1.4" Fossil Mantis Shrimp (Pseudosculda) - Lebanon

This is a 1.4", fossil mantis shrimp (Pseudosculda) from near Hakel, Lebanon. It shows the head, abdominal scales and tail. This beautiful specimen is the underside of the shrimp. There are nearly 450 species of mantis shrimp alive today and they are sometime referred to as "thumb splitters" because of how they use their powerful claws to inflict damage to prey with a single strike.

Comes with an acrylic stand.

The discovery of amazingly preserved marine fossils near Hakel, Lebanon dates back many centuries. In fact, they were first mentioned in writing by Herodotus, over 450 years before the birth of Christ. The first scientific work on these localities began in the 1800s and these deposits have been meticulously quarried by several Lebanese families for over a century. We purchase our specimens directly from one of these families that has worked the quarries for generations.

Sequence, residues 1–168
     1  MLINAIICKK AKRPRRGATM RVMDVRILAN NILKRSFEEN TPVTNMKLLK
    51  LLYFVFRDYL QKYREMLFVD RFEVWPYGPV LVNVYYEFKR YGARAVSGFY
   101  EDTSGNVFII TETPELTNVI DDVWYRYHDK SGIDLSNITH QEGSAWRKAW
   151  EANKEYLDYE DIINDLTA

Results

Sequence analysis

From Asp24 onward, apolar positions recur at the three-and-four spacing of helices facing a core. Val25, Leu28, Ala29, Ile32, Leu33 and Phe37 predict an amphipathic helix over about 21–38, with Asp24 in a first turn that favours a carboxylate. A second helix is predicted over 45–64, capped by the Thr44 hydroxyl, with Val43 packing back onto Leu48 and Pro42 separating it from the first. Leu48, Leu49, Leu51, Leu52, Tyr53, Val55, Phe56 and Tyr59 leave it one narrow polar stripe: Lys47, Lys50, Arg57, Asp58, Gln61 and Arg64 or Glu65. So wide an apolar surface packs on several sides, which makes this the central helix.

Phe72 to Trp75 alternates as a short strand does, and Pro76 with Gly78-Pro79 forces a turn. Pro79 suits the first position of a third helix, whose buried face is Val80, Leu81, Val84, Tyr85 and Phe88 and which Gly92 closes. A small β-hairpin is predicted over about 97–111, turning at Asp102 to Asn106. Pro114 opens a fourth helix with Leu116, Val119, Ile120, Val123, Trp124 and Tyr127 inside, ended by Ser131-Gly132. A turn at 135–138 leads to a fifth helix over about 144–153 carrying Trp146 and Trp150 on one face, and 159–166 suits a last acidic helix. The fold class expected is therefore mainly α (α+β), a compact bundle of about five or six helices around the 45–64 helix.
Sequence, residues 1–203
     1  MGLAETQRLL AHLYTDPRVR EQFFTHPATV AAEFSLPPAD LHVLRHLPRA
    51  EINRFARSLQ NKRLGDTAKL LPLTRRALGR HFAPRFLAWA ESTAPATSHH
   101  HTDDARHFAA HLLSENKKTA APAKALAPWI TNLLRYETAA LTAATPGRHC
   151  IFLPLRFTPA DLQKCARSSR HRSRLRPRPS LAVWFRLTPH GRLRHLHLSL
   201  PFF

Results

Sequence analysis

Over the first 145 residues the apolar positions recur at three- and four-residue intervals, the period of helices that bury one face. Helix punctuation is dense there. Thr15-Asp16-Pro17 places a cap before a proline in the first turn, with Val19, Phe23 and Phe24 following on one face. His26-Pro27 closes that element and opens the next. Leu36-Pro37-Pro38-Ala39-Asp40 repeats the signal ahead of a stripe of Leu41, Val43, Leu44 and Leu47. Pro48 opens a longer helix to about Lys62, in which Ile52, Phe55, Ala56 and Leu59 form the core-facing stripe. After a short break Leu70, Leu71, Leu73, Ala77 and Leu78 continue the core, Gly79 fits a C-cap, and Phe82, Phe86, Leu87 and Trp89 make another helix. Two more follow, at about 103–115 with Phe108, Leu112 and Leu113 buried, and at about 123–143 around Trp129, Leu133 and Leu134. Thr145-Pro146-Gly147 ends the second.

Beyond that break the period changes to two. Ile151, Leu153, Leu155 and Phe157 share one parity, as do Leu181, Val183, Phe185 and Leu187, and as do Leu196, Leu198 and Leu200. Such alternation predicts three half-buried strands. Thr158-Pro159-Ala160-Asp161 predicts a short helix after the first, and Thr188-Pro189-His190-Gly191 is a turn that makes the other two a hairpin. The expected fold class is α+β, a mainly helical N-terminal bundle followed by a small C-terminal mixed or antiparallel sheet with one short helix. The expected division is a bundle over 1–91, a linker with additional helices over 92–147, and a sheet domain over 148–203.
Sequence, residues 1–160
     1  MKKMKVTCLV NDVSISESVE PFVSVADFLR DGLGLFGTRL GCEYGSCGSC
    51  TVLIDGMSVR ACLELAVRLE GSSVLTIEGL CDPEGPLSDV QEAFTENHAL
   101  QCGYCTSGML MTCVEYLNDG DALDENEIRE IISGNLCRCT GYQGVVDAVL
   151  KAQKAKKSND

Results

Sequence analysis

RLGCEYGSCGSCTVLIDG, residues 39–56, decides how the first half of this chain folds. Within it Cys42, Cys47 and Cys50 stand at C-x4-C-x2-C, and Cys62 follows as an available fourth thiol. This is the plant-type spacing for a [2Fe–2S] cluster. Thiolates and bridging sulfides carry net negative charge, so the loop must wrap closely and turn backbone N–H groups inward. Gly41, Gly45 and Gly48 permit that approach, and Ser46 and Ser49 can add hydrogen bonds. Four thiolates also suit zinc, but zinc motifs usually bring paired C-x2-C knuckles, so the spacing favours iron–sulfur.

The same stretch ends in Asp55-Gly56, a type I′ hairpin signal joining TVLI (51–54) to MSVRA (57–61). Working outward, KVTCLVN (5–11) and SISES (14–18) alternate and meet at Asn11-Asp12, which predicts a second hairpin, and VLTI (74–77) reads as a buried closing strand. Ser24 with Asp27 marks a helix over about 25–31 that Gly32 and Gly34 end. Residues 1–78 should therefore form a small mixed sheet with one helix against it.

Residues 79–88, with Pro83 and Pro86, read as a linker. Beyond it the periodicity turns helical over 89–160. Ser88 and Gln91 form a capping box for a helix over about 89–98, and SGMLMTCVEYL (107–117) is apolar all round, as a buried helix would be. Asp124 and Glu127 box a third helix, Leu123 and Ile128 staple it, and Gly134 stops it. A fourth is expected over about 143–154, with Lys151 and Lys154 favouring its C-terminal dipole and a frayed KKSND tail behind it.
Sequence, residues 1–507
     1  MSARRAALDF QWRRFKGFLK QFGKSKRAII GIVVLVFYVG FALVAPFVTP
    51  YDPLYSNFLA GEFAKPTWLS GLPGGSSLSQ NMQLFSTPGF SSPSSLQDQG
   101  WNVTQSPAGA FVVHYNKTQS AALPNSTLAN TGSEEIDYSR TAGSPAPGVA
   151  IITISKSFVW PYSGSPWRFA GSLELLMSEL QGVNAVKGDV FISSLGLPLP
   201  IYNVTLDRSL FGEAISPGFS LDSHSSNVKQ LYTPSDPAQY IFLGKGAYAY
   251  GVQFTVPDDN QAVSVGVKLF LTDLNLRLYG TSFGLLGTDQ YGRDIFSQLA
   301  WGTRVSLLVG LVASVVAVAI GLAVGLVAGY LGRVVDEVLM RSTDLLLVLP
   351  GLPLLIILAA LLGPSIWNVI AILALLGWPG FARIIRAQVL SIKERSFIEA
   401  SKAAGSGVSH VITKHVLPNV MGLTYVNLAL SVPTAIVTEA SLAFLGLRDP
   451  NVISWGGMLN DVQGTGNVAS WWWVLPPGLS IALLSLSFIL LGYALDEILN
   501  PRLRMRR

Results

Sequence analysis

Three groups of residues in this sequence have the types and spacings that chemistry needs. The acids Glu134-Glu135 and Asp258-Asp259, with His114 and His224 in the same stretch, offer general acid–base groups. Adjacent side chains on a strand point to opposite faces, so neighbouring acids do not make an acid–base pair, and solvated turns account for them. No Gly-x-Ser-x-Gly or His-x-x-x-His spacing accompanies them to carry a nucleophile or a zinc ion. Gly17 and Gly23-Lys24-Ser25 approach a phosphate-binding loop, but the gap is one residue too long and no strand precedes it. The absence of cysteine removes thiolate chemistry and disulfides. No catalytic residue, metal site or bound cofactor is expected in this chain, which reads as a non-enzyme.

These deposits represent a warm, shallow sea and have yielded over 70 types of fish as well as numerous other genera found nowhere else in the world. The preservation on many of these specimens is truly amazing including examples of soft bodied preservation.

A photo of the quarry at Hakel, Lebanon
A photo of the quarry at Hakel, Lebanon

Pseudosculda Laevis
Hakel, Byblos, Lebanon
Sannine Formation
1.4" mantis, 3.2 x 2.3" limestone
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